TH: It forced him to grow up, the second step in a maturation process that began years earlier with the birth of his daughter, Rina. When Junior was in his teens, living with a father who disliked him, he began to break into houses — not taking anything, just seeing what a house could tell him about the people who lived in it. At 17, casing a very fancy house in the hills, he ran into a real burglar, complete with Lone Ranger mask, who claimed the house as his own and paid Junior to serve as lookout. That night they went down to an all-night coffee shop in the valley and Junior heard the first installment of The Gospel According to Herbie, the rules of burglary by which he’s lived ever since. When Herbie died, it took away Junior’s father figure and also set him free to follow the path on his own. But Herbie’s always with him; in fact, in the TV version that might or might not get done, Herbie will appear occasionally in a bright shaft of light in whatever darkened room Junior is burglarizing.
MPS: While still very funny, I found that both King Maybe and Herbie’s Game had a more sober tone. Do you think this reflects any changes in Junior?
TH: The loss of Herbie deprived Junior of one of only two permanent points of reference he acknowledges: Herbie and his daughter, Rina. This is the most pretentious answer you’ll ever get, but Herbie’s Game was the first book I wrote after finishing Proust, and what I took away from Remembrance of Things Past is how the past influences every moment we spend in the present, and how defenceless against memory we are. Junior lived more in the present in Crashed, Little Elvises, and The Fame Thief. After Herbie’s death, he feels the reverberations of the past much more frequently.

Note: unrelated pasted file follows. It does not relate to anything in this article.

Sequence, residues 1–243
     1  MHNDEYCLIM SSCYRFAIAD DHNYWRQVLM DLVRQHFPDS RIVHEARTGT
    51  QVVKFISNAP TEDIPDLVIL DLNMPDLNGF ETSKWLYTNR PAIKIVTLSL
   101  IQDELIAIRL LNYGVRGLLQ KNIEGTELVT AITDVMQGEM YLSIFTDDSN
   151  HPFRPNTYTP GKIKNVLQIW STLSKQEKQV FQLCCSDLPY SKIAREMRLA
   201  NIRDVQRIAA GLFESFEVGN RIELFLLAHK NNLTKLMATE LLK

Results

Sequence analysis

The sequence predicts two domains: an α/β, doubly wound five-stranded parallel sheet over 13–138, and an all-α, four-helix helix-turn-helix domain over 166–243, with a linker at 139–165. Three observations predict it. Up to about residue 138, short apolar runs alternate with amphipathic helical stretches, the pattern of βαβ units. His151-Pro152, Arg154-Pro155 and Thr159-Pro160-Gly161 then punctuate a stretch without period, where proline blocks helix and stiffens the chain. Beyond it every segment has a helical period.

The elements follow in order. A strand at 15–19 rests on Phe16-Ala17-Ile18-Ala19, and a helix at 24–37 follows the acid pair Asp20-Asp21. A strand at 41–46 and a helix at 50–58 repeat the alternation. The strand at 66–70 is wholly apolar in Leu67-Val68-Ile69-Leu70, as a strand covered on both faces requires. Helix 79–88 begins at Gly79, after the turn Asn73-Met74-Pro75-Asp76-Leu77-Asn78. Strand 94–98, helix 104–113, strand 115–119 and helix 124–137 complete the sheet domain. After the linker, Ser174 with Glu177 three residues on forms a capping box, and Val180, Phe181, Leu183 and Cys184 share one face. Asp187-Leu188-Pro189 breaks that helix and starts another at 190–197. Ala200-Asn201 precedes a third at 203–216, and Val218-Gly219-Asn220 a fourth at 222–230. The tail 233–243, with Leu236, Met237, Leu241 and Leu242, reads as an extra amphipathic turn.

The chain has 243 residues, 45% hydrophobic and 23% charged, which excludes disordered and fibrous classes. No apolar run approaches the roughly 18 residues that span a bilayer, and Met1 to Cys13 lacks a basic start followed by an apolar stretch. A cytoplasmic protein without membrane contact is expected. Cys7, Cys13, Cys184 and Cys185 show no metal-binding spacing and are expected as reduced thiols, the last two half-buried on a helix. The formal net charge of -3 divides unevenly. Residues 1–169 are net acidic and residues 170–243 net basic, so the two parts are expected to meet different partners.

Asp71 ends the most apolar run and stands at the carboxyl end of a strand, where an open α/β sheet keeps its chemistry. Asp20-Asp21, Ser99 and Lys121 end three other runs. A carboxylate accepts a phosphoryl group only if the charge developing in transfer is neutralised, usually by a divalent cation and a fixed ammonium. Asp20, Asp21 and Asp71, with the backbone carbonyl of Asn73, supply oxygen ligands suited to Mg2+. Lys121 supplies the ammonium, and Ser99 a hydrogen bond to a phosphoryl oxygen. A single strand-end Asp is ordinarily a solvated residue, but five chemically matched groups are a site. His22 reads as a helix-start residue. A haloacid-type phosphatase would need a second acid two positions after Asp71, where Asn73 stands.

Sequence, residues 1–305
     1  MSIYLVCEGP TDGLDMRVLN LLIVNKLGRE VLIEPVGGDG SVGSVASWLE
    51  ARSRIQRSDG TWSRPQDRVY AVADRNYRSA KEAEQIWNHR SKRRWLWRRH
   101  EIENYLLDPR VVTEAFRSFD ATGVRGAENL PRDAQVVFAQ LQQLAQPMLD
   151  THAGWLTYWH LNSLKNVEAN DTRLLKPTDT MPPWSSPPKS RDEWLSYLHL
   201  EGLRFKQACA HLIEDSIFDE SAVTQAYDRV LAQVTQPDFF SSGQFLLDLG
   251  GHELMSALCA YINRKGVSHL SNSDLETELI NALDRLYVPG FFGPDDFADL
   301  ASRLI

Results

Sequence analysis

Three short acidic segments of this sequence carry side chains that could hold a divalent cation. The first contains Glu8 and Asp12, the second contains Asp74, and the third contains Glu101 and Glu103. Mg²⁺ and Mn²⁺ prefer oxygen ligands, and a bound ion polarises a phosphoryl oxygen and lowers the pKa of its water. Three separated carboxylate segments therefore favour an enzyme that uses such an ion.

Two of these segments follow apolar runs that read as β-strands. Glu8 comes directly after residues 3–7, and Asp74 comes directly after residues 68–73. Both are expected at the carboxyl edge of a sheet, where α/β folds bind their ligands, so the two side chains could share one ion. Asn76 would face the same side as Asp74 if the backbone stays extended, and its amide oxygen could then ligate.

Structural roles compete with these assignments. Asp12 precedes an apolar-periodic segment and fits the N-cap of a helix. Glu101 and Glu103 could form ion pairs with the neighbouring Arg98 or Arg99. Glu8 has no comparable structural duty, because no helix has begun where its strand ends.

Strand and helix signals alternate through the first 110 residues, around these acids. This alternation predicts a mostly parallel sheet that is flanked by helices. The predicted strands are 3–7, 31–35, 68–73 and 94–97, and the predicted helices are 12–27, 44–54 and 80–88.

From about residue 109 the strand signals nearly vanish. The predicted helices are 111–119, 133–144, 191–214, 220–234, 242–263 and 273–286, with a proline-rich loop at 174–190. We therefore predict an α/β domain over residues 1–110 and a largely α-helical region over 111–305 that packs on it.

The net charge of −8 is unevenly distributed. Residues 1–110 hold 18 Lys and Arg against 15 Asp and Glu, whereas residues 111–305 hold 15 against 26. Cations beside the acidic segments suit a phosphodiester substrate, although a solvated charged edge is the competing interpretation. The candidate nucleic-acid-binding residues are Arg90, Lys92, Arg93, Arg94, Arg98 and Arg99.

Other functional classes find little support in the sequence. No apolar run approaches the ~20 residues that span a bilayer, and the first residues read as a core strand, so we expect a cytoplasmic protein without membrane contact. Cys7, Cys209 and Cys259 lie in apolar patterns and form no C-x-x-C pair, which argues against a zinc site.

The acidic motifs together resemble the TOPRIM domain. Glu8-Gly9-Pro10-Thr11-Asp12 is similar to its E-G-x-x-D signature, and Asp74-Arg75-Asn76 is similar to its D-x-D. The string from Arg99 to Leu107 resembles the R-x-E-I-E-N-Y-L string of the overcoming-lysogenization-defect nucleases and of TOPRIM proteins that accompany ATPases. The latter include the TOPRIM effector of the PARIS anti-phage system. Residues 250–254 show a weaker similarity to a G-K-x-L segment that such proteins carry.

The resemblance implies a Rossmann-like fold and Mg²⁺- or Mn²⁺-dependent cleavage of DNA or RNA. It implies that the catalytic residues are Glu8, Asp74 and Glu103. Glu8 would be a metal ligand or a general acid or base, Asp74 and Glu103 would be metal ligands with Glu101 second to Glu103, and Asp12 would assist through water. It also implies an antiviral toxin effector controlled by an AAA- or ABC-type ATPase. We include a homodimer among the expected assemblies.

MPS: I’m starting to realize that the series is as much about Hollywood as it is crime with this book being the most jaundice view yet. Is there a reason why most of Junior’s marks are in show business?
TH: Two reasons. First, I was in it for decades, all the way from rock and roll and crap TV through working with The BBC and people like Laurence Olivier and Katharine Hepburn. So I know a little about how it works, and in show business, more than any other realm except politics, the profound wisdom of the Wizard of Oz applies: “Pay no attention to the man behind the curtain.” Show business is about telling lies (sort of like writing) but the lies come thickest and fastest in the offices where the decisions are made. Show business makes a crook like Junior look like an honest man.
Second, I think people are just interested in show business, and since it interests me, too, why not give it to them?
MPS: I know you always have several irons in the fire, what’s the next thing to be on the look out for?
TH: This October a Junior Bender Christmas novel (!), Fields Where They Lay, will be published. And there will be a new Poke Rafferty Bangkok book, Fools’ River, in 2017 and (if I can get it done) another Junior Bender. And maybe this is the year when I’ll get to meet Joe Lansdale, although I have no idea what I could say to him once I finished gaping.
You can find copies of King Maybe on our shelves and via bookpeople.com.